To the Editor:
In response to dramatic "social media" allegations espoused by the Committee to Elect Judge Kolker campaign, which has made preposterous allegations of stolen campaign slogans, "thievery" of use of a public link, Facebook post “copying,”and Judge Kolker’s egregious use of a pending case in the 20th Judicial Circuit to further Judge Kolker's political agenda, our campaign states in response the following:
The phrase “raising the bar" is not - and has never been - my campaign slogan. Those three words appear once on my campaign website www.ruoccoforjudge.com (and as part of an eight-word subtitle for one website post). In fact, my campaign adopted its slogan of "Justice for All" months ago.
This slogan has been printed on our t-shirts and campaign cards since last October. Our website header contains a scanned copy of my campaign card (again, printed last October).
Last week, one of my campaign’s social media content creators suggested we post a public link of Katie Davis’ summary of laws slideshow (which was a fantastic and well-made presentation very beneficial for viewers). Staff didn’t realize the author was Judge Kolker’s wife or that the slideshow was affiliated with his campaign (since it lists no campaign logo, name, etc.).
It seemed like Mr. Kolker, a sitting judge, was simply sharing a public legal resource. Our campaign briefly posted on our Facebook page the public link to Katie Davis’ original slides (which were obviously unmoved, unaltered, and thus still bore the name “Katie Davis” as their author). Upon learning that Davis was Kolker’s wife and had created the slides for her husband’s campaign, the post was deleted amicably by my staff, per Judge Kolker’s request. Otherwise, my social media team produces timely and unique content relevant for our followers. This is clear from a review of our campaign’s and Judge Kolker’s campaign’s Facebook pages.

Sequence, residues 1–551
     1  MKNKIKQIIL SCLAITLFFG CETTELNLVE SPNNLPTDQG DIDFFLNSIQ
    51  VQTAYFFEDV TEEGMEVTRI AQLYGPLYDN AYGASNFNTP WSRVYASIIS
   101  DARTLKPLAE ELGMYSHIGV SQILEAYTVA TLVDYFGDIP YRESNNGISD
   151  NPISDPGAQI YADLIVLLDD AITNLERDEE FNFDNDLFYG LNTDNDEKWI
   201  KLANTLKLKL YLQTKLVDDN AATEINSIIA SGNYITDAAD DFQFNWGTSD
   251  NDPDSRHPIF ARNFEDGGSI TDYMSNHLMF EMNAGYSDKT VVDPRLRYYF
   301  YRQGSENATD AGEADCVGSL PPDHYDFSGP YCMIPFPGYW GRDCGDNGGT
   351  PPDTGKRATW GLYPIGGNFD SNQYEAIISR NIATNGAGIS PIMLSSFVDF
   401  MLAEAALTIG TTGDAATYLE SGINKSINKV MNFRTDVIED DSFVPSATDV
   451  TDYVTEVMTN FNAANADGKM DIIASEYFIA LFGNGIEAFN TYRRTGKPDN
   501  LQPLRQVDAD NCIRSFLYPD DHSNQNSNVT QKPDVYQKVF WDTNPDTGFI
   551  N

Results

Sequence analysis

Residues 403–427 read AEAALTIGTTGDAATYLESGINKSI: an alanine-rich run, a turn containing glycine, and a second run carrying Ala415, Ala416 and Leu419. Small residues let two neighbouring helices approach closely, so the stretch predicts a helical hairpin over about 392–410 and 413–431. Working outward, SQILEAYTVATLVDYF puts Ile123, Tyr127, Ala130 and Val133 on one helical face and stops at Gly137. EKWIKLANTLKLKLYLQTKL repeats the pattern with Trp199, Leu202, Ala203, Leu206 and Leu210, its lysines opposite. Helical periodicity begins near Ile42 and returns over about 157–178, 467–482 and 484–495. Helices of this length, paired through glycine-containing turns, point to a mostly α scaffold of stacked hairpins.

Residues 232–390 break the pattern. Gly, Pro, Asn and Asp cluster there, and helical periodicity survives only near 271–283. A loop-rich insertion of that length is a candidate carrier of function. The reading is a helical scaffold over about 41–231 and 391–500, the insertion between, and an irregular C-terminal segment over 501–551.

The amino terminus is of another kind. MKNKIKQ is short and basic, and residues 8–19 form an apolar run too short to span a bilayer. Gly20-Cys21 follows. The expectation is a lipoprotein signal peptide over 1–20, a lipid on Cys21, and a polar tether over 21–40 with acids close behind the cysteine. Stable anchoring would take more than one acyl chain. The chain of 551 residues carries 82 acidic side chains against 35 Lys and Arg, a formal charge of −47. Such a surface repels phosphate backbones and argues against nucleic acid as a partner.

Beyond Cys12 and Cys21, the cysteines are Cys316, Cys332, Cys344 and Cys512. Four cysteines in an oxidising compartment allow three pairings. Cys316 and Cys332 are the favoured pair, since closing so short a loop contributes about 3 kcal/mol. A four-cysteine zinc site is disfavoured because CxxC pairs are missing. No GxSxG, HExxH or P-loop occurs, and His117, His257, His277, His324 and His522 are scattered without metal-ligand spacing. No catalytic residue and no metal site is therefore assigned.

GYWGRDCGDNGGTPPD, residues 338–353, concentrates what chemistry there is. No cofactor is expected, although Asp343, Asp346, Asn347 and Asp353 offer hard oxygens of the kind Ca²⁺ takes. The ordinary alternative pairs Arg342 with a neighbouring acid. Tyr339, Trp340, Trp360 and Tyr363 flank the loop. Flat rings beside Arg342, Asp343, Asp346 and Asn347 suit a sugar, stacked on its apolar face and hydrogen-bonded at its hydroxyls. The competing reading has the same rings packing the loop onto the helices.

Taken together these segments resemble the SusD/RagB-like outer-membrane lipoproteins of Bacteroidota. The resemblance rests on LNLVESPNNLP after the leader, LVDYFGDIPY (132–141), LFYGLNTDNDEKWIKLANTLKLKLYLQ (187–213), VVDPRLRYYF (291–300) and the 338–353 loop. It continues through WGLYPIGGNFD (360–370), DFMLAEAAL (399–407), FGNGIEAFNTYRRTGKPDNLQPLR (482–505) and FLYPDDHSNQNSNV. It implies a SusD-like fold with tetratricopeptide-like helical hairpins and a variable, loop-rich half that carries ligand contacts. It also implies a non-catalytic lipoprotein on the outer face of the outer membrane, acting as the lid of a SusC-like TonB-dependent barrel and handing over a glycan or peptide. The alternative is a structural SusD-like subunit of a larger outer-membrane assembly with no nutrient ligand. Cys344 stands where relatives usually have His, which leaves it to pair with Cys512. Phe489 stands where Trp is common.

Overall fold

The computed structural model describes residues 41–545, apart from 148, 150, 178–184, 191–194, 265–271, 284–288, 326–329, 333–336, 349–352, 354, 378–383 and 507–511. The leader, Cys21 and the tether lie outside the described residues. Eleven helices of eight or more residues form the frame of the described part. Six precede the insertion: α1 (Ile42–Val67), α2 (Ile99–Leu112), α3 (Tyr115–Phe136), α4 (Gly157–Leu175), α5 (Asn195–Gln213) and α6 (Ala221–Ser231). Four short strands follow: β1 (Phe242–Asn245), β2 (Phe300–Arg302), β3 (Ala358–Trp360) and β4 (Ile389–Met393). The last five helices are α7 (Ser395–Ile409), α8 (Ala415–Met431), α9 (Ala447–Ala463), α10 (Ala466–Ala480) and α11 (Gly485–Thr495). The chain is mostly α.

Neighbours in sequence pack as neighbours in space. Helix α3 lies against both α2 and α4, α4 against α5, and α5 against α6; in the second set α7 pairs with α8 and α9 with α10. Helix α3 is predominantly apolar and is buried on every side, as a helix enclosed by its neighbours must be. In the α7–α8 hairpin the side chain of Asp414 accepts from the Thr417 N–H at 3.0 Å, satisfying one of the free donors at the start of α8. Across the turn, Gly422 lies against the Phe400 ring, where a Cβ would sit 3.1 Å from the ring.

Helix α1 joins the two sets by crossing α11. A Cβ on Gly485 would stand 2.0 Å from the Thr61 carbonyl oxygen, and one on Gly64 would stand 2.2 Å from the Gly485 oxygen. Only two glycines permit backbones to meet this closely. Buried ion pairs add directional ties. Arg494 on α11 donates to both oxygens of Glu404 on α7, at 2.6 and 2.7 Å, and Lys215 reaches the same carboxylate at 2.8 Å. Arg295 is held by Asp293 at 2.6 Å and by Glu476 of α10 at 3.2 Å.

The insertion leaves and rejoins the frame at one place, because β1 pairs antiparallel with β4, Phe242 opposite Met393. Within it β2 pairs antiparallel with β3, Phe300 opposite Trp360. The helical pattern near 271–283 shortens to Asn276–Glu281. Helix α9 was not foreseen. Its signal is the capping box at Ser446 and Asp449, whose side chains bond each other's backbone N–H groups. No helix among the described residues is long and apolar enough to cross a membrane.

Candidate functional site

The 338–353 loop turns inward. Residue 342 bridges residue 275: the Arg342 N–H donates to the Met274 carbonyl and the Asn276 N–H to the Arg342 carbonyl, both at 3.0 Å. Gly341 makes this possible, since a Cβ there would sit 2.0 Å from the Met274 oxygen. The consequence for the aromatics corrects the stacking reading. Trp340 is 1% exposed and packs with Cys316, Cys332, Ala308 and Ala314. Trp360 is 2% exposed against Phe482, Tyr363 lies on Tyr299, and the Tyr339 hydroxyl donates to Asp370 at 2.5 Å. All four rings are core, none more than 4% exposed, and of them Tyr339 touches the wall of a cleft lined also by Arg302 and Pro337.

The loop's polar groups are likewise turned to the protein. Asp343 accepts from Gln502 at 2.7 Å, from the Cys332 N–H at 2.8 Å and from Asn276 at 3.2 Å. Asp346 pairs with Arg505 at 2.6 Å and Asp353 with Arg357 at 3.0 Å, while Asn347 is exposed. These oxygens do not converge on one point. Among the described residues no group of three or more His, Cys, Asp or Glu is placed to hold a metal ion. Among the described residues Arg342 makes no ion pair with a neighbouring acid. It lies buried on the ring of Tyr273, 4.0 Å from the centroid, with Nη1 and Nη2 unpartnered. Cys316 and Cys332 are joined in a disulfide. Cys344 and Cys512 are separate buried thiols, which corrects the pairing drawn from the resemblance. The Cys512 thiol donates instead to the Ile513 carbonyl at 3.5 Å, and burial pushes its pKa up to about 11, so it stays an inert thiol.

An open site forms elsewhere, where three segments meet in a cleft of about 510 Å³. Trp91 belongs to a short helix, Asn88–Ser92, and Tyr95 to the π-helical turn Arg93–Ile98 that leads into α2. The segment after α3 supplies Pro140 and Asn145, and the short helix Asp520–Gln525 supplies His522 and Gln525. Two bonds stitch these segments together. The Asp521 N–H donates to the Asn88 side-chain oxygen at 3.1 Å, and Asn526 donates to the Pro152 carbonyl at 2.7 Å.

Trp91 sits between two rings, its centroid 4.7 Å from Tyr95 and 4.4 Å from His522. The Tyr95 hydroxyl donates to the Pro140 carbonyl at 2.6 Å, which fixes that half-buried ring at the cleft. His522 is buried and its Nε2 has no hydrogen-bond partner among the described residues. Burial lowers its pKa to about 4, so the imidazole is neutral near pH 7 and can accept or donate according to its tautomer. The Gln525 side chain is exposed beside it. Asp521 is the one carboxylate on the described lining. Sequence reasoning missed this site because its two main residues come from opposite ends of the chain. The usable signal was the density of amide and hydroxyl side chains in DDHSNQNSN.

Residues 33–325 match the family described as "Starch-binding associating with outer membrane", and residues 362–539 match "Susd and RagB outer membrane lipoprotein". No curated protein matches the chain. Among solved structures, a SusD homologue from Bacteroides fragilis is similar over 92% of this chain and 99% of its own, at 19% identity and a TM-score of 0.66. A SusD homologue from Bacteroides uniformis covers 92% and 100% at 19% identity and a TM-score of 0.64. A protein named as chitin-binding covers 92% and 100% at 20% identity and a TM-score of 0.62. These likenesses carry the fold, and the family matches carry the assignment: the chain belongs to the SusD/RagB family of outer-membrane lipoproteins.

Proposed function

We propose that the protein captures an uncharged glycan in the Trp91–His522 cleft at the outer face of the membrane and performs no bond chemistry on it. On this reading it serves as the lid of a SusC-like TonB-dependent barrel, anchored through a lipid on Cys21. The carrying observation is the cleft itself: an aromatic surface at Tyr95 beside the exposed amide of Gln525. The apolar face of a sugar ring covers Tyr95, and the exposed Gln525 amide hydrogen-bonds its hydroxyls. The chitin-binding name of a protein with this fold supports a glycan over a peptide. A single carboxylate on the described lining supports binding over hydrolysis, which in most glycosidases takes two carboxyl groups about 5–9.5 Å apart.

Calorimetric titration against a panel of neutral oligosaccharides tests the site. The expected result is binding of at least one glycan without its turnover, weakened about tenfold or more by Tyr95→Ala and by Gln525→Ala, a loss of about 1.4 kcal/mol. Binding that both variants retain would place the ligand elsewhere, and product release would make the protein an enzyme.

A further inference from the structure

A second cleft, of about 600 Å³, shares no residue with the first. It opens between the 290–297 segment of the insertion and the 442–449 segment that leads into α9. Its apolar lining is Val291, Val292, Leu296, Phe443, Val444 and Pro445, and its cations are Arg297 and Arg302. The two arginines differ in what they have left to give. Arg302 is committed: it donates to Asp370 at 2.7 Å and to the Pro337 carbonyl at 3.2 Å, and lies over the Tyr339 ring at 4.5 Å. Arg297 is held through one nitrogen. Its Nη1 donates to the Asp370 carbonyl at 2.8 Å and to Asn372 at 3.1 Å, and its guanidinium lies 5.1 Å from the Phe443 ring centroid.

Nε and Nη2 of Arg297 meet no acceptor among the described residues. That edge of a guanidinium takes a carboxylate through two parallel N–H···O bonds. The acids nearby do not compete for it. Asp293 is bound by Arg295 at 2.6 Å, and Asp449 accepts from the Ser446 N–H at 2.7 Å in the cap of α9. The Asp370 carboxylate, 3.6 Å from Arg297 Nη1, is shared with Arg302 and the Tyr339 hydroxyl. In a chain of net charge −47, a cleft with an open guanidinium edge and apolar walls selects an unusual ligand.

Kolker did not specify which “other posts” my staff allegedly “copied” from his page. Naturally, a few posts have overlapping themes. For example, both of our campaigns posted about Affordable Care Act deadlines on Nov. 1 (the first day of open enrollment) - with Kolker posting a few hours before our campaign. Both campaigns also posted to commemorate National Law Enforcement Appreciation Day on Jan. 9 - but here our campaign posted two hours before Kolker’s campaign.
Both campaigns also posted a “this-day-in-history” fact on Jan. 13 - and again, our campaign posted our fact (about National Geographic) two hours before Kolker posted his fact (about Johnny Cash).
Alleging one candidate is “copying” another’s use of these predictably overlapping themes is ludicrous.
Our campaign isn’t going to accuse Kolker of “copying” our earlier postings that featured public commemoration dates or common "fun-fact” formats. It’s time that Judge Kolker maintain the dignity of his judicial office and stop his bullying and name calling.
Thievery is a very serious and defamatory allegation – especially by a sitting judge. Sharing a public link on Facebook is not thievery. This entire dialogue is unbecoming to the dignity of our judiciary, and demonstrates how entrenched incumbents like Judge Kolker (who is not even my opponent) try to discourage participation in our electoral system.
Finally, Kolker's campaign states that "Raising the Bar" is a "strange choice" for my campaign and then alleges that I "ran last election cycle with" Judge Ronald Duebbert, "who now has felony charges pending." I have never run on a ticket with Judge Ronald Duebbert or any other person. The Kolker campaign’s irrelevant and opportunistic mention of Judge Duebbert and his currently pending charges is highly inappropriate and willfully misleading.
The Duebbert matter is a matter to be heard in the 20th Judicial Circuit Court, the very court in which Judge Kolker serves. A sitting judge using a pending case to clearly further his personal and political agenda is shameful. Politics have no place in the courtroom.
Katherine Ruocco, candidate for circuit judge